Sunday, November 28, 2010

ITAT Rules Against Microsoft In Software Royalty Tax Case

Microsoft finds itself on the wrong side of a ruling by the Delhi Income Tax-Appellate Tribunal(ITAT) stating that “The income received for supply of software is assessable as “royalty” as a copyright subsists in a computer programme and it is also a literary as also a scientific work.” According to a BusinessLine Report in May 2008, this decision could be worth about Rs.700 crore – including interest.

While the Redmond based software giants considers sales of its licensed software to be business profits which are non taxable in India since it does not have a permanent establishment here. From January 1st, 1999 Microsoft scrapped its earlier business model under which it dealt with Indian Distributors on a principle-to-principle basis which means that “No liability will arise on accrual basis to the non-resident on the profits made by him where the transaction of the sale between the two parties are on a principal to principal basis.” Under the new business model, however, Microsoft granted an exclusive license to Gracemac Corporation – a US based company – to manufacture Microsoft Software. Gracemac on its part had entered into a non-exclusive agreement with Microsoft Operations Pte Ltd, a Singapore-based wholly-owned subsidiary of Microsoft Corporation, to reproduce Microsoft software in Singapore. This company then sold these copies to MRSC (Microsoft Regional Sales Corporation) which delivered them to Indian Distributors ex-warehouse in Singapore. These copies were distributed to resellers across the country. Ex-warehouse is an arrangement where the seller makes the goods available at a particular warehouse. It is then the responsibility of the buyer to arrange for the goods to be transported along with the necessary formalities.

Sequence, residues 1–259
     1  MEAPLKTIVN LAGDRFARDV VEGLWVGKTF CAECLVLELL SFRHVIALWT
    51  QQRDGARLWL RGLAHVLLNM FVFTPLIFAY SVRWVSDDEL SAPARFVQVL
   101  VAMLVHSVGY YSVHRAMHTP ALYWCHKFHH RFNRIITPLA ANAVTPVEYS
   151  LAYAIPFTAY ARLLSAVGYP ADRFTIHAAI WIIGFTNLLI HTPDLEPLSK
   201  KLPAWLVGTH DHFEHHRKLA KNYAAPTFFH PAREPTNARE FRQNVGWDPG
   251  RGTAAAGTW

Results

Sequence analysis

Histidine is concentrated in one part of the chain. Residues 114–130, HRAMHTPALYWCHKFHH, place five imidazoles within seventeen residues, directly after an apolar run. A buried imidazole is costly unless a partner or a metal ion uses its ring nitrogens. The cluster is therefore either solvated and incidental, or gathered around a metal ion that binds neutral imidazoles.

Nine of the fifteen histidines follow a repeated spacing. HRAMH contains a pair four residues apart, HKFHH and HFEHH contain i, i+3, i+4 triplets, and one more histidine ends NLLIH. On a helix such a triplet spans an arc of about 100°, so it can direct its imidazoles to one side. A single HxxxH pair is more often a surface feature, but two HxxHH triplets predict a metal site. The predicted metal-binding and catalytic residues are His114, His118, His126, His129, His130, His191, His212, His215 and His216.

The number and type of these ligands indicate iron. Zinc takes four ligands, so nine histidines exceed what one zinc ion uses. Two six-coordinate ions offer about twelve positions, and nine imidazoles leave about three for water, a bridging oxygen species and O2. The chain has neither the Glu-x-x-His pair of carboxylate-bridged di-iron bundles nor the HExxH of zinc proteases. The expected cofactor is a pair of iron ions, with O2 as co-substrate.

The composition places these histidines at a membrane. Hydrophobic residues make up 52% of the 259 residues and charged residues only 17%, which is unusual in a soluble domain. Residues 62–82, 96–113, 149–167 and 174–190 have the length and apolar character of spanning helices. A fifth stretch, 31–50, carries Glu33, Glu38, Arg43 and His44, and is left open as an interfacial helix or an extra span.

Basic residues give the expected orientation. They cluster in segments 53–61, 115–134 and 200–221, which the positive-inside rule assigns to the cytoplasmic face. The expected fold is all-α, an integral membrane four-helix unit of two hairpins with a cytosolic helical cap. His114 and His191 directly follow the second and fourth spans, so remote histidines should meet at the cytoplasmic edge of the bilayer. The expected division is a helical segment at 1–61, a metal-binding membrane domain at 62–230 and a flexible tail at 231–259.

According to the ITAT since copyright restrictions persist on these distributed copies income from them are to be treated as royalties and not business profits. The tax on royalty is 10% of the gross payment and the entity responsible for “sending” the software from outside India into India is liable to pay this tax. The ruling has thus upheld the Revenue Department’s stance that these sales proceeds are indeed royalties and should be taxed. A decision against which Microsoft had appealed.

The ITAT ruling is contradictory to the views held by the OECD and U.N. Treaties in their treatment of royalties. Under the OECD model only the country of residence can tax royalty income. While the U.N. Model allows the source country to impose a tax as well. According to an article in the Federal Taxation Developments Blog points out that countries like Canada, Spain, Korea, Portugal and Mexico also disagree with this approach and impose some sort of withholding tax on royalty income.

The reaction of several other Software Giants to this news will be something to watch out for. As of now Microsoft has said that it is reviewing this decision and also expressed its disappointment over the ruling.

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Categories: News
Tags: BusinessLine, Ex-warehouse, Gracemac Corporation, ITAT, Microsoft, Microsoft Regional Sales Corporation, MSRC, OECD, Royalty, Royalty Tax, Shrink Wrap Software, Taxation, UN

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